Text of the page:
Its ongoing. There’s even less stuff there, but some stuff is going to have to be pried from his tight reluctant fingers, maybe?
The awl and the hand drill brace were Oupa’s in Boom street in PMB. The screwdriver and needle-nose pliers on the right were issued to Dad by the General Post Office when he started as an apprentice electrician in 1938. He had to climb up telephone poles with those in his pocket. Here’s the GPO vehicle he’d drive around in, fixing the phones! They didn’t bother with parcels and letters, no! That was old-school! They were the high-tech side of the Post Office: The telephones!
By the way, everything has a correct name. The screwdriver is a ‘perfect handle’ screwdriver. That’s a specific kind of screwdriver.
Today I learnt Mr Buckle didn’t shoe horses. No, he was the blacksmith, upholsterer and wagon-maker. Charlie Rustov shoed horses. He was a few rungs lower down the totem pole, and the only farrier in town. He had a high-pitched voice and would say‘Nee man, Mnr Swanepoel, daai blerrie hings gaan my skop!’when I took my stallion in to be shod. Dad would buy horses, school them, then sell them for a much higher price. I made more on horses than my post office pay.
‘Nee man, Mnr Swanepoel, daai blerrie hings gaan my skop!’ – No man, Mr Swanepoel, that blerrie stallion is going to kick me!
blerrie – bladdy
bladdy – bloody; no blood though, just a swearword
The old man has finally taken the momentous decision – after much kicking for touch, procrastination and setting obstacles in the way – to sell their house in Pietermaritzburg, home for the last (?) fourteen years, and – a way harder decision – to sell his whole workshop;
Woodworking machines, stacks of wood, hand power tools, hand tools, nut screws and bolts, hinges, upholstery material; all the stuff he has accumulated over 120 years. Everything has to go. Well, almost everything. There’s a fair amount of ‘I’ll keep this’ and then ‘but where will I put it?’ OK, so he’s only 96, so its about sixty years worth of stuff.
The painful process is not without trepidation, hesitation and doubt, but he’s committed now: it’s going.
Luckily he has found a WONDERFUL person, ‘SUCH a nice chap’ to buy the whole workshop from him, lock, stock and barrel. ‘He has taken six bakkie and trailer loads away already and I reckon there’s about another four to go’ says the ole man.
Has he paid you? I ask. ‘What?’ Has he paid you? ‘Huh? Oh! No, not yet, but he will.’ OK, I say, but it’s perfectly reasonable to ask him to pay. Rather he pay now and avoid a drama afterwards. ‘Mm.’
So Sunday I go and observe the process. I thought I’d meet the wonderful Johan de Lange, who has been most helpful to the ole man, but he didn’t arrive.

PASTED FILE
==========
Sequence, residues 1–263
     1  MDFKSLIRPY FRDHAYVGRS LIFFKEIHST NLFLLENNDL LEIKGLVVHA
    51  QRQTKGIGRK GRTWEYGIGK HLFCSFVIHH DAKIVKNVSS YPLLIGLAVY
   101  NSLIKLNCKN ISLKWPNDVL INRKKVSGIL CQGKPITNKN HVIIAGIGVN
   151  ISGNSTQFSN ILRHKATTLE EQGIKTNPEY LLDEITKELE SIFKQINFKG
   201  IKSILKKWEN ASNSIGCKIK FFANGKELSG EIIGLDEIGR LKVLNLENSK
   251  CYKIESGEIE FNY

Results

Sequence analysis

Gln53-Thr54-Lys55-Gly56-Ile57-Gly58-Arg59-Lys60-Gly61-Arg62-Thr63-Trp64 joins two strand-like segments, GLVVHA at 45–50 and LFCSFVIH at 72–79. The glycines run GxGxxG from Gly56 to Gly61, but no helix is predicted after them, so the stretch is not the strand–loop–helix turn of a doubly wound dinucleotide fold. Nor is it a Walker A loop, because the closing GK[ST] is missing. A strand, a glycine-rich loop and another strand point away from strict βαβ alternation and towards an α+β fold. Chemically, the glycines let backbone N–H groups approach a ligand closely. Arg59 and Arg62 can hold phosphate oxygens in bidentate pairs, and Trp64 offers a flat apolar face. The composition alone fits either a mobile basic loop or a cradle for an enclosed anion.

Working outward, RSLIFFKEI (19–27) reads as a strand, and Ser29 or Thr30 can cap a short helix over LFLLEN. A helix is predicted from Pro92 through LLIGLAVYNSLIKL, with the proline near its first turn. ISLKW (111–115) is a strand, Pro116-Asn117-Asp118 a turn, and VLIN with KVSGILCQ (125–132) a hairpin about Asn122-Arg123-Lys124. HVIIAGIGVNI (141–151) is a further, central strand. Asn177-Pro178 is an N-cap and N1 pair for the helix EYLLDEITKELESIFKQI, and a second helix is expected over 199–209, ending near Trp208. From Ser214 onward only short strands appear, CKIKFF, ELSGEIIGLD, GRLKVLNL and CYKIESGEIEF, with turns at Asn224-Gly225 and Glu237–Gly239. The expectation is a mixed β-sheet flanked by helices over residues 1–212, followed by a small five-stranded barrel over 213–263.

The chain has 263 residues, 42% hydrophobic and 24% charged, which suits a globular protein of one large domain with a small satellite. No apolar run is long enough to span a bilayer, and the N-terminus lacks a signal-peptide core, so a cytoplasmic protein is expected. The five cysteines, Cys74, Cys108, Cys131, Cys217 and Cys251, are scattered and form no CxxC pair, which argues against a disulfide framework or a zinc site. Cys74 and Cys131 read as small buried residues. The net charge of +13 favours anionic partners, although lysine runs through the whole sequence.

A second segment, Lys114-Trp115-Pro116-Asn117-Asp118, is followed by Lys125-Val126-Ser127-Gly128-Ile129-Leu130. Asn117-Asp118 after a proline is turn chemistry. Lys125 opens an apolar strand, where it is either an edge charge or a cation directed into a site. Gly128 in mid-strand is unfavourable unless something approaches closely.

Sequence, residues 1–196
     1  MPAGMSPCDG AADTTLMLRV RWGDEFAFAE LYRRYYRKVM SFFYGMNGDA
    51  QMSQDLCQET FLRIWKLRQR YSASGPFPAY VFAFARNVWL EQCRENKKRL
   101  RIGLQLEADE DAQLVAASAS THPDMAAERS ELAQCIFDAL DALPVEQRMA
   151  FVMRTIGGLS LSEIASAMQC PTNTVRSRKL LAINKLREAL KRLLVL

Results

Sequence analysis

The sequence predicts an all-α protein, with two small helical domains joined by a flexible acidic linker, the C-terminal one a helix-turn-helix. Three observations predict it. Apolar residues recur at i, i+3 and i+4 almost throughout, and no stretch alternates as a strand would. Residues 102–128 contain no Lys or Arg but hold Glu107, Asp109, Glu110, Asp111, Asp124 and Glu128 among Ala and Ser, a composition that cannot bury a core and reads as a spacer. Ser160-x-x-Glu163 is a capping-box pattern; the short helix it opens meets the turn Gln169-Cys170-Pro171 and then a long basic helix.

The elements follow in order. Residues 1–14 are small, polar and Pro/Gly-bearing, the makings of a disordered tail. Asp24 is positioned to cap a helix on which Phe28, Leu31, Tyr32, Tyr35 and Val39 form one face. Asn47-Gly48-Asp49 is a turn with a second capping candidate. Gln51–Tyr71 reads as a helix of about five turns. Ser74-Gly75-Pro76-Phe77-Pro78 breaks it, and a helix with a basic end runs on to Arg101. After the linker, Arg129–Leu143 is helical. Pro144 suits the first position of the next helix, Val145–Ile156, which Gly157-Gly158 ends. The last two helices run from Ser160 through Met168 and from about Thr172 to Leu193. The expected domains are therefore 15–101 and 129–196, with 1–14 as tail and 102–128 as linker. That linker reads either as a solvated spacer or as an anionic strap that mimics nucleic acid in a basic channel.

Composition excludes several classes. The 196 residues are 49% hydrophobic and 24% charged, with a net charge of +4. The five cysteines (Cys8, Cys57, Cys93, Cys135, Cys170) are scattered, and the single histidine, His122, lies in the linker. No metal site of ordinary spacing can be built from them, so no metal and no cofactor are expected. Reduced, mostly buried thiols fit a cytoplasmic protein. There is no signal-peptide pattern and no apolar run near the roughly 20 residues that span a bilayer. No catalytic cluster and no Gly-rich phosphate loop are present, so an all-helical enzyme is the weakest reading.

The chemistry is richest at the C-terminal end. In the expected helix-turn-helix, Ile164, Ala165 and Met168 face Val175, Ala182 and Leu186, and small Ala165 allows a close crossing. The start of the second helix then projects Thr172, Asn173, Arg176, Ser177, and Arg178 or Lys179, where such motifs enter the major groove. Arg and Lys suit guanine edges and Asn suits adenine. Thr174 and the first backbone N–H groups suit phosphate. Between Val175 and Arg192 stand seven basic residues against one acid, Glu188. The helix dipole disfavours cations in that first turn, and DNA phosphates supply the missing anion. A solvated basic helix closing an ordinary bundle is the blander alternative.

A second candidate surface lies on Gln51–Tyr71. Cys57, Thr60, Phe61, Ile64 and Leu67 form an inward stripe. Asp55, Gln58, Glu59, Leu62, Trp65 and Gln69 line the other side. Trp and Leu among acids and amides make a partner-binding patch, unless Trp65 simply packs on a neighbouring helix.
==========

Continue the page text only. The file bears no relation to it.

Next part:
Already it’s half empty. You can now see it has a floor and some walls. I take pictures and ask What’s this? ‘Ah!’ He says, immediately animated, ‘that’s Indian waterbuffalo calf skin, tanned and dyed. I want to cover a chair seat with that.’
What’s this? ‘Ah! That was Oupa’s whetstone. That could be a hundred years old.’
‘Ah! That’s a Stanley spokeshave. They used them to make the spokes in the oxwagon wheels. I used it to make the speedboat I built. Remember I made a boat in the lounge on the plot? It’s also called a draw knife.’
‘Ah! That sketch? We went to Skukuza in Kruger and I saw a lovely bench there and wanted to make one, so I drew a sketch of it.’
‘These are wood turning chisels I made. I used special steel for the blades and turned the handles of olive wood.’
Where’d you get this old handsaw – a back saw – and the set square with brass inlay? ‘Old Mr Buckle had a Blacksmith shop in Harrismith down in McKechnie street before the war. I used to hang out there – remember I had horses when I first got to Harrismith? I used to shoe my horses there and he sold or gave me stuff he didn’t need.’ That was Before The War – so its eighty years of stuff, not sixty.
The fixed machinery is two thicknesser-and-planes, a Rockwell circular saw, a huge cast-iron bandsaw, a belt-sander (seen in the collage above), a 1m wood lathe with tilt and something. Each one has a story and why it’s a wonderful tool, its name and where it’s from.
I said I didn’t recognise the make of the one thicknesser. ‘Ooh, that’s from Austria. Its a good make, but not well designed; it’s tricky to set the blades. I rebuilt it and made some improvements.’ In fact he was so chuffed with those improvements he encased the moving parts in perspex so you can see them. It would have been sad to hide them under a metal cover:
And on and on. We didn’t get much done. I’ll have to write another post on it.
Steve Reed: Great pic of your old man in his workshop. That hat is very swish. Looks like you looked when you were younger.
Terry Brauer: Hoo boy, do I relate to this. Read it to (her Dad) Sid who kept nodding knowledgeably as we sat awaiting my mom’s checkup at her doctor.
Of course he saw No Parallels to the recalcitrant person not willing to shed stuff 😅🤣 – I fear for myself when it all comes toppling as it will of course. Your Dad looks strong as an ox. Agree with Reed re rather striking similarity . .
Me: Ha! Rubbish. I didn’t wear a hat back then . . .
Jon Taylor: He has very leathery hands – also covered in Indian Waterbuffalo skin? Must be difficult to say goodbye to his beloved tools. He probably loved them more than his family?